N.C. Sheriff plan to trade two vintage Thompson SMGs for patrol rifles

It’s not surprising when a law enforcement agency wants to trade obsolete firearms for modern ones. It gets a bit more interesting, however, when the the “obsolete” firearms are a pair of Thompson submachine guns in very good shape, and they’re worth enough to be traded for dozens of rifles.

The 1928 Thompson fully automatic submachine guns – commonly referred to as Tommy guns – were gifts to the sheriff’s office but have gone unfired for as long as modern-day department leaders can remember.

Though no longer practical in the field, these collector’s items still may serve a purpose.

Chief Deputy Brad Stanley presented a proposal to the Forsyth County Board of Commissioners last Thursday to exchange the two guns and drum magazines for 88 new Bushmaster rifles, a trade valued at about $60,000.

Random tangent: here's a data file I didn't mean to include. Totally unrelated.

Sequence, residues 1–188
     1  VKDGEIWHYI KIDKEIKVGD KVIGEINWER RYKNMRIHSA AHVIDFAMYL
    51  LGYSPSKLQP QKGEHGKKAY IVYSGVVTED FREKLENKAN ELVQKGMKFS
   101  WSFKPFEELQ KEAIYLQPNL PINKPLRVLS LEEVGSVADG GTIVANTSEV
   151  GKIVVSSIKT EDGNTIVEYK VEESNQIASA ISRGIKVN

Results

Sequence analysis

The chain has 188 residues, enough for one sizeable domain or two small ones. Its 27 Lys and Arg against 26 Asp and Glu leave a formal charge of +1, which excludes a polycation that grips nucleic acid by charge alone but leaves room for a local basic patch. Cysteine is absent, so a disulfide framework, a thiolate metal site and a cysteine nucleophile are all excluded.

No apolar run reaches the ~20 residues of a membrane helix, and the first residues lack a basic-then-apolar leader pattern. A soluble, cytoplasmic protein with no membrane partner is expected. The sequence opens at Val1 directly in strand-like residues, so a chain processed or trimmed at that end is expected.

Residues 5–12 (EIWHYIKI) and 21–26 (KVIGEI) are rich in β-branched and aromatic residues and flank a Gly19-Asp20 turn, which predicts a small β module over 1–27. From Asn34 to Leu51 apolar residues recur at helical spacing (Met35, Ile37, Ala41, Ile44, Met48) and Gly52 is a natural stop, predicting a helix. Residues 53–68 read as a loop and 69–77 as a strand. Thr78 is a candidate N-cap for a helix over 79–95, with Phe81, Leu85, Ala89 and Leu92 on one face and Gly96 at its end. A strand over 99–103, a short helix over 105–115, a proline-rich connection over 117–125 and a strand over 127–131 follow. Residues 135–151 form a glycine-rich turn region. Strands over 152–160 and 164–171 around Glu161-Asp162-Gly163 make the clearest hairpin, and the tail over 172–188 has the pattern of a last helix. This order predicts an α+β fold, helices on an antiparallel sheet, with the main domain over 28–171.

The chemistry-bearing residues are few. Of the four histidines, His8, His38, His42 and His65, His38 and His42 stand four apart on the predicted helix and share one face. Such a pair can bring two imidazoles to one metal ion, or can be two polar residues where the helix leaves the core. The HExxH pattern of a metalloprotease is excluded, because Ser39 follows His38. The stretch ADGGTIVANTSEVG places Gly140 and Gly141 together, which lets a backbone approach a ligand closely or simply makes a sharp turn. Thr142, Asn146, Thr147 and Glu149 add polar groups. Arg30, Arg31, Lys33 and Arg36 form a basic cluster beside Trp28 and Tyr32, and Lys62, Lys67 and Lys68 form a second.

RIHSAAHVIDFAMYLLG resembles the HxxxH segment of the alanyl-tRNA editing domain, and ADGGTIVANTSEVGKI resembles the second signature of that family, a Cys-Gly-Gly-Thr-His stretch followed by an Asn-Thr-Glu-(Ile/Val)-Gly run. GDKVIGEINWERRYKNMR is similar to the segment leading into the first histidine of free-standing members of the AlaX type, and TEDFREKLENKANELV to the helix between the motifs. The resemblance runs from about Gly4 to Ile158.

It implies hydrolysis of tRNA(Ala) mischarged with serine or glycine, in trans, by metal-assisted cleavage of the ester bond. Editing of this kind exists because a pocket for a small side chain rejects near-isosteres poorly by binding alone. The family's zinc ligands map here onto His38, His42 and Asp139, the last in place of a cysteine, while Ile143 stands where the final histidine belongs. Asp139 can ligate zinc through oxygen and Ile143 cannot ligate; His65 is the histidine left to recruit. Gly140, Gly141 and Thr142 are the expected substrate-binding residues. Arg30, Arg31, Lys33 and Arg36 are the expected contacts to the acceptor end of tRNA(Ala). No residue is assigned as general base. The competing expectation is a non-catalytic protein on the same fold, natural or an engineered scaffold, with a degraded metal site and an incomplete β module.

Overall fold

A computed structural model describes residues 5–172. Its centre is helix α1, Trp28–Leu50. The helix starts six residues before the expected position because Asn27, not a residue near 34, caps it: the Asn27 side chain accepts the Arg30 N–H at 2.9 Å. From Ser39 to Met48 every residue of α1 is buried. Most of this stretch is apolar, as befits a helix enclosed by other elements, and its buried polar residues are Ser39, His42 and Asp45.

No one alive today is 100% certain about the provenance of the two Thompsons, but they are thought to have been used by payroll guards for the R.J. Reynolds Tobacco Company in Winston-Salem at a time when payroll was paid in cash instead of checks and the payroll truck coming from the bank needed to be guarded. At some point after the company switched to paychecks, the Thompsons were no longer needed and were donated to the Forsyth County Sheriff’s Department.

I’m a bit ambivalent about the plan to equip deputies with Bushmaster patrol rifles. While I don’t think that city cops in urban areas with other officers in relatively close proximity for support should have patrol rifles for a number of reasons, deputies after often many miles away from support out in rural areas and may need the extra range than a patrol rifle provides. I simply hope that they are given adequate training for these rifles before they are deployed.